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Items from "MWSD": 355

Today's Whirling Confuses Old-Time Square Dancers

This 1957 newspaper story from central Massachusetts describes a dance culture in transition, as traditional New England square dancing was meeting up with -- and in some cases being replaced by-- the new modern Western style.

A Brief History of "Hash"

This is a chapter from Instant Hash that appeared in American Squares magazine. Litman and Holden define hash as "a mixture of figures which come one after another so quickly that often there is no real figure pattern but merely one movement on top of another," and go on to describe several kinds of hash. They trace different regional styles of…

Learn Square Dancing - Ed Gilmore

These are two tracks from Ed Gilmore's instructional square dance LP, "Learn Square Dancing," released on Decca in 1956. The album included instructional segments such as these with short practice pieces set to music, as well as four full called dances. The record came with an 8 page booklet, with liner notes by Chuck Jones. A search for…

Settin' the Woods on Fire - Bob Ruff

Borrowing the tune from the popular Hank Williams song of 1952, this excerpt features caller Bob Ruff with music by the Buckboard Busters on the Sets in Order label. The "lady 'round two and the gent around one" figure also appears in southern Appalachian mountain square dance as "lady round two and the gent cut through" or simply a figure known as…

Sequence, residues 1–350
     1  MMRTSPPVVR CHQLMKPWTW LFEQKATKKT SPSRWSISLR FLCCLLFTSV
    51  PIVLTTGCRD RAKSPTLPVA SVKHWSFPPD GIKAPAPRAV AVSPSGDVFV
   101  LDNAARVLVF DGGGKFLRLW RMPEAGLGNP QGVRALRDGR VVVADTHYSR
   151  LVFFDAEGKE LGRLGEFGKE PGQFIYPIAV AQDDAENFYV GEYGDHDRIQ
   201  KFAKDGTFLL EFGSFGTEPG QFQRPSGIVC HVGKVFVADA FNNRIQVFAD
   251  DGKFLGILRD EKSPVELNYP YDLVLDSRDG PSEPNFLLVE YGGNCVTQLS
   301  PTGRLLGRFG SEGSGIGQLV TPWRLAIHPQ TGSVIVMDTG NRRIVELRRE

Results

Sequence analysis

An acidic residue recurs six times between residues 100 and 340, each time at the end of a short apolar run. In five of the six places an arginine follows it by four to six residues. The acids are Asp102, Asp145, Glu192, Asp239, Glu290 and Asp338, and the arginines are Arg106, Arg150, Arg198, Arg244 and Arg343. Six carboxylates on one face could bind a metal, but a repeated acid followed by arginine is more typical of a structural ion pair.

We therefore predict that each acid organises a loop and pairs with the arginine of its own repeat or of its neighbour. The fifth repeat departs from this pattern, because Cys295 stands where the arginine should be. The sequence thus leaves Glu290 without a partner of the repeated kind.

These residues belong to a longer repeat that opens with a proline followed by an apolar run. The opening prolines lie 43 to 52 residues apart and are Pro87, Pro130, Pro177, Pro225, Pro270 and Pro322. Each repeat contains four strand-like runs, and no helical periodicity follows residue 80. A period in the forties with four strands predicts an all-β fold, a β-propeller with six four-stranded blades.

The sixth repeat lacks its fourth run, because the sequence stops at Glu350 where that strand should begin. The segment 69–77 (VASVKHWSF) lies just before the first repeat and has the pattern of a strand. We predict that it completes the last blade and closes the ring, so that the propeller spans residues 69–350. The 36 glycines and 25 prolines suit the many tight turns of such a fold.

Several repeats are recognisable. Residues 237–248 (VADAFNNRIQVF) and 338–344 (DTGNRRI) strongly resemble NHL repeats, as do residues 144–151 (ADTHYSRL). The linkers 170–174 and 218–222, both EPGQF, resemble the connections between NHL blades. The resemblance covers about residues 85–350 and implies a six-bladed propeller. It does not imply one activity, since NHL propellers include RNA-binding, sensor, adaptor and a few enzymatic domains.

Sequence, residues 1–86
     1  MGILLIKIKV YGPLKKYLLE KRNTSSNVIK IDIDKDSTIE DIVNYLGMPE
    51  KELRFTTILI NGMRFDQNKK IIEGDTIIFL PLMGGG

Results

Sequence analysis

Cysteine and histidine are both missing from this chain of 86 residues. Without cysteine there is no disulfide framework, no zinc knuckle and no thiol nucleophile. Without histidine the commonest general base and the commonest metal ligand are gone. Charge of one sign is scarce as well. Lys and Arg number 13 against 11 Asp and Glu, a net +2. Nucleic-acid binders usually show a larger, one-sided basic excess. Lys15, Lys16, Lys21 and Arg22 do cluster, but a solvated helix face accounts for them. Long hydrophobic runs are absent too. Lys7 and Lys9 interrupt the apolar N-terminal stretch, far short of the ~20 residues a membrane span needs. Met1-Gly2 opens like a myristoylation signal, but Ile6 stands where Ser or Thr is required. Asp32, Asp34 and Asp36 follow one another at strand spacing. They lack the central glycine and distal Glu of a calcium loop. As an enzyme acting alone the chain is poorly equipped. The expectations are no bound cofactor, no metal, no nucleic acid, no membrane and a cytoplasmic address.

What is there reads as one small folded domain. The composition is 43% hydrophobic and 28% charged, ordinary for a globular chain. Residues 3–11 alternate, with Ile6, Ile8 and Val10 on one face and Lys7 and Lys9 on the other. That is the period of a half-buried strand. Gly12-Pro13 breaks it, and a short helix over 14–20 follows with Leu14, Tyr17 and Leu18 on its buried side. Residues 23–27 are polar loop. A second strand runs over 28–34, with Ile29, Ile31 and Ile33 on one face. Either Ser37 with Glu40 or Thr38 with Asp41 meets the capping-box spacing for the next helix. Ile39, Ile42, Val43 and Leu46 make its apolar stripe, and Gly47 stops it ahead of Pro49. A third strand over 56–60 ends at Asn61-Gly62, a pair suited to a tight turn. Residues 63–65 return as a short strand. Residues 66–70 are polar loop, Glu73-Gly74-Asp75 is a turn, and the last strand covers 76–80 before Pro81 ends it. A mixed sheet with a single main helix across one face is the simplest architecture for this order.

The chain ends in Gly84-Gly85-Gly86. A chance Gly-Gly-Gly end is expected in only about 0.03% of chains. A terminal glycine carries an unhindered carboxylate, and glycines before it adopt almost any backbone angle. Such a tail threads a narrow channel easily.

I Only Want a Buddy - Herbie Gaudreau

Singing square, I Only Want a Buddy Not a Gal, by Massachusetts caller Herbie Gaudreau

Hurry, Hurry, Hurry - Herbie Gaudreau

Classic singing square, here in a live recording (1960s?) with caller Herbie Gaudreau. Today's contra callers probably know Gaudreau better than do contemporary square dance callers; his Becket Reel is the source for today's "Becket formation" in contras, with long lines of couples, each facing another couple across the set. Tony Parkes comments:…

Ralph Piper - Teaching the Waltz, 1953

This is a handout by caller Ralph Piper for use at a class during the American Squares week at Camp Ihduhapi, MN, in 1953. He provides a brief description of different styles of waltz, then outlines in detail the steps he suggests using to teach the waltz.

Brussels World's Fair - 1958

This article describes the square dance presence at the 1958 World's Fair in Brussels.

What's New in SD? (1955)

This 1955 article takes a brief look at some figures that were considered new at the time. Among them: Pass Through, Allemande Thar, Dopaso, Box the Gnat, Rollaway, and Throw in the Clutch.

A Square Dance Pioneer: Jimmy Clossin

This summary of an interview with Jimmy Clossin by Miriam Gray appeared in 1960. More than 50 years later, it is impressive the ways in which he anticipated the challenges facing the square dance movement. This excerpt provides a taste of Clossin's views:

"Mr. Clossin stated that recent activities in square dance have created confusion and have…

Square Dancing Standard and Experimental Guidelines

A flood of new calls in the early 1970s led a group called Square Dance Systems to publish a catalogue of calls, an attempt to bring order to an increasingly-complex universe of new figures. Square Dance Systems was Lester Keddy, Arthur Ballard, and John Hendron. This effort came before the establishment of CALLERLAB. In this item, we include the…

New Call Problems in the Mid 1970s